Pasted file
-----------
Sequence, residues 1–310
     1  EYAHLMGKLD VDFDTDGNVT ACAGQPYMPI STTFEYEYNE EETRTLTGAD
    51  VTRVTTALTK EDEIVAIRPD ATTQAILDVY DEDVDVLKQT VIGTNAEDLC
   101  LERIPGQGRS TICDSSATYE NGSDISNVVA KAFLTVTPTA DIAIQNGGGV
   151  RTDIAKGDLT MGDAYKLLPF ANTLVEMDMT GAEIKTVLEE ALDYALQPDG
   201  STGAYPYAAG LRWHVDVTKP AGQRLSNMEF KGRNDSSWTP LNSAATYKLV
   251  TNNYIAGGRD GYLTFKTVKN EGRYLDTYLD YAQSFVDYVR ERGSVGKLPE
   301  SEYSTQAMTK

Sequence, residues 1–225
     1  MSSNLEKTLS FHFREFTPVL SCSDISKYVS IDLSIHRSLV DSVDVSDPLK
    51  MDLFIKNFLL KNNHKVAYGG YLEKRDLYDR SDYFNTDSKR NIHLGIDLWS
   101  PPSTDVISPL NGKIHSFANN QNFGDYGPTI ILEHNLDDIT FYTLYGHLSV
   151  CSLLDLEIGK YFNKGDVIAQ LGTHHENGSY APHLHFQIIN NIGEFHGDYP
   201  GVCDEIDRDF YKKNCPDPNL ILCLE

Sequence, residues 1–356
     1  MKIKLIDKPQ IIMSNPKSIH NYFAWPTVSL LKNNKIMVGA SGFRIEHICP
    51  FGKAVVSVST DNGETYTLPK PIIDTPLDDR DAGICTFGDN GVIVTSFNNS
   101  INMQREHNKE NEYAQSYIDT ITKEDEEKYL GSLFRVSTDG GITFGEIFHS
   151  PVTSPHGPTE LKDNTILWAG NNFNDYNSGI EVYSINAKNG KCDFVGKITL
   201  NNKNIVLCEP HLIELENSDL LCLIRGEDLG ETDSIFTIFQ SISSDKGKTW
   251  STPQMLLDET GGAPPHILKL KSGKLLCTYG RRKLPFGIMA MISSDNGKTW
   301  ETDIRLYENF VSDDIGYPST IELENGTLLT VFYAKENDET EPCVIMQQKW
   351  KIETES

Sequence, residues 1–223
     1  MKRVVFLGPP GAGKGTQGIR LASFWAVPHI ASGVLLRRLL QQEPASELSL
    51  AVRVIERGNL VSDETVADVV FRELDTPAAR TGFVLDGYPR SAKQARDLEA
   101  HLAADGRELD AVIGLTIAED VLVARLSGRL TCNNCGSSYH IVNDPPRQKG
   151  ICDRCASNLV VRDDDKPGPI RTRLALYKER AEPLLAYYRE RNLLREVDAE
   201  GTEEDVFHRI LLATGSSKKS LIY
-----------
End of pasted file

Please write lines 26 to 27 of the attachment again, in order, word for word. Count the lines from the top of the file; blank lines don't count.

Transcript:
    51  AVRVIERGNL VSDETVADVV FRELDTPAAR TGFVLDGYPR SAKQARDLEA
   101  HLAADGRELD AVIGLTIAED VLVARLSGRL TCNNCGSSYH IVNDPPRQKG